Cocaine and the Brain

Cocaine Effects on the BrainCocaine has a direct impact on the central nervous system. When you use the drug, your brain reacts rapidly. Your brain chemistry begins to change. If you smoke rock cocaine (a practice known as freebasing) or inject the drug, you’ll feel its effects in as little as five minutes. If you snort the drug in powder form, it will take a few minutes longer for your brain to react.

Your brain has its own natural reward system for reinforcing healthy, life-sustaining behaviors. Activities like eating, staying warm or making love stimulate the production of messenger chemicals called neurotransmitters. When neurotransmitters such as dopamine, serotonin and GABA interact with receptor cells in your brain, they reward you with feelings of contentment, relaxation or happiness. Once the neurotransmitters have exerted their positive effects, their levels return to normal. When you use cocaine, the drug interferes with this natural cycle. It blocks the brain’s reabsorption of the neurotransmitter dopamine. Instead of returning to normal, dopamine levels remain high. The brain is flooded with this feel-good chemical. You feel ecstatic rather than happy or content. Cocaine also affects serotonin and norepinephrine levels. This leads to elevated mood and high levels of energy. When users first take the drug, they may feel powerful, self-confident, sexually attractive and mentally focused. These false effects cause individuals to repeatedly use cocaine. The good feelings associated with the drug quickly wane. The negative effects accumulate. Addiction begins to take hold.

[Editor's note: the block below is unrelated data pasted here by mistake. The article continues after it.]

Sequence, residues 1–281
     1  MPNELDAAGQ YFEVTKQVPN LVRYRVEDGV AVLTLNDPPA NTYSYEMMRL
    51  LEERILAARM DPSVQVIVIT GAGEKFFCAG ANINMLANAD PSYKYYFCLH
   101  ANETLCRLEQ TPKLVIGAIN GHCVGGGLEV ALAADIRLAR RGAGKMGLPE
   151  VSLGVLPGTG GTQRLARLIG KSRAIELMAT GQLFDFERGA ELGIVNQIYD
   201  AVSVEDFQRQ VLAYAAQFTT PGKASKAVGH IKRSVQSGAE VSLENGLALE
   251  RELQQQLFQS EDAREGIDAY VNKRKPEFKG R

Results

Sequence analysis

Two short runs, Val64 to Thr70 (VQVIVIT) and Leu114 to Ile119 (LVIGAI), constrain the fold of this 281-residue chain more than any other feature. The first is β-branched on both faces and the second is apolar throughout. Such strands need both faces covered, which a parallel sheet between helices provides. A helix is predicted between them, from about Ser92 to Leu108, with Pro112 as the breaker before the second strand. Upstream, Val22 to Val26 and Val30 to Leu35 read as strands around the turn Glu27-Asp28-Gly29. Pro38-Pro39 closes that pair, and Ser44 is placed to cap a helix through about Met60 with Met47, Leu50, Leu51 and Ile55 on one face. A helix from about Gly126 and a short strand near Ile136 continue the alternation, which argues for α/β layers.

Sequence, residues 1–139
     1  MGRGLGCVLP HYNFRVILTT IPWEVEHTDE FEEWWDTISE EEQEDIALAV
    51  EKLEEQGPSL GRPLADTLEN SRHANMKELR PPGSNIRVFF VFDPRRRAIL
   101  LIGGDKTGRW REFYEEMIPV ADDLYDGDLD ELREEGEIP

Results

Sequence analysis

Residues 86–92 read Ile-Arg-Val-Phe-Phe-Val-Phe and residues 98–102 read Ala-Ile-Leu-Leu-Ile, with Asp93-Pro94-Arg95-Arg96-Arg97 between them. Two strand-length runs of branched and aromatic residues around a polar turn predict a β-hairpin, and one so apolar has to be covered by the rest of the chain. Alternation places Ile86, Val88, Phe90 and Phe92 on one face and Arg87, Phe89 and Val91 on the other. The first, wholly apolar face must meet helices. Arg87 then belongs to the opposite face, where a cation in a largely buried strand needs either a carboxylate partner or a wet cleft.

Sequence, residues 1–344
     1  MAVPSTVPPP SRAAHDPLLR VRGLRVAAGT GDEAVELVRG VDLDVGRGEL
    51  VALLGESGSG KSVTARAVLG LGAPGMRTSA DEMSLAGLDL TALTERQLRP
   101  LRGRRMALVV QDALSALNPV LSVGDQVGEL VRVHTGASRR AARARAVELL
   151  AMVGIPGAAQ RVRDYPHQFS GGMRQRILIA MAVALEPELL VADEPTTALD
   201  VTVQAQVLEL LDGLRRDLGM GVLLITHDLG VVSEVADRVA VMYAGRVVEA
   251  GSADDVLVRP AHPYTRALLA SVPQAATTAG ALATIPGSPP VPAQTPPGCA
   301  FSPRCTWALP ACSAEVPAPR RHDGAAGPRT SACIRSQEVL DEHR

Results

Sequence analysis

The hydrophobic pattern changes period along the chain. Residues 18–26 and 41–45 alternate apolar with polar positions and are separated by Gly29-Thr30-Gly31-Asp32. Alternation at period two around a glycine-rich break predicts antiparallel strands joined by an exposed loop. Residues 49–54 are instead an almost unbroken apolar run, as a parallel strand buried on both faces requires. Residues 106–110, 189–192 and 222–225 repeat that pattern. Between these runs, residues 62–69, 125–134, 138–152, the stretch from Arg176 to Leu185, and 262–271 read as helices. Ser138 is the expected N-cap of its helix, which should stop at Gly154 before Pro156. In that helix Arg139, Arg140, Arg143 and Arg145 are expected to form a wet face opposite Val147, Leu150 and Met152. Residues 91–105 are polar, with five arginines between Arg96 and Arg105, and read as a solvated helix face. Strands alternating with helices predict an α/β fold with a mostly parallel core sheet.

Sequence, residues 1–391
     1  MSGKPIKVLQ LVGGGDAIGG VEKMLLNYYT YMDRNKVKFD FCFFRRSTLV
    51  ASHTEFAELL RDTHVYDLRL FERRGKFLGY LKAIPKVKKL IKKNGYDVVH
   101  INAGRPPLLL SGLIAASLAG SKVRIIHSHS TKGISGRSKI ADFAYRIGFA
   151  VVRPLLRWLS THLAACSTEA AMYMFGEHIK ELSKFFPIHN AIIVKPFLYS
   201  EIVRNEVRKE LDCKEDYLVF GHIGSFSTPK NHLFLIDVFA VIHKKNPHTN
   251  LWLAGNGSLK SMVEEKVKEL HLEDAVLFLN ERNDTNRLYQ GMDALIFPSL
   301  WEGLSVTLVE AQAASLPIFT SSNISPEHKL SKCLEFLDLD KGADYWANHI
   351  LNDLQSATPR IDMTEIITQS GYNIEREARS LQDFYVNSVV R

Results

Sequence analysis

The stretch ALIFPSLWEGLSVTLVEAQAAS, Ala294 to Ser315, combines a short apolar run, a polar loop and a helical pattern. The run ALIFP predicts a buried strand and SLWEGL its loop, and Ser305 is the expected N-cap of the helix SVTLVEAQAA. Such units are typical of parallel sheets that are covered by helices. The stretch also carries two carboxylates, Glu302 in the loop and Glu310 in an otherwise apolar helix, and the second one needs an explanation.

Cocaine alters your perception of reality. Long-term cocaine users may experience serious psychiatric side effects including delusions, hallucinations and psychotic episodes. The journal Current Opinion in Psychiatry[2] shares that among cocaine users, “More than half of such individuals experience paranoia and hallucinations…Among patients who attend psychiatric emergency services, non-schizophrenic cocaine abusers are reported to have as severe hallucinations as schizophrenic patients who do not abuse cocaine.” Long-term effects of cocaine use include schizophrenic symptoms. It leads to an unpleasant and unwanted disconnect from reality. While cocaine-induced psychosis is a real possibility, not all long-term effects are as dramatic. Science Daily[3] shares, “Chronic cocaine use may cause damage to brain cells that help produce feelings of pleasure, which may contribute, in part, to the high rates of depression reported among cocaine abusers.” Taking cocaine to feel “better” leaves individuals feeling worse. Therapy and treatment can help reestablish mental health. An accurate, in-depth assessment from a treatment facility reveals co-occurring mental health issues. Integrated treatment addresses mental and physical health to ensure long-term health.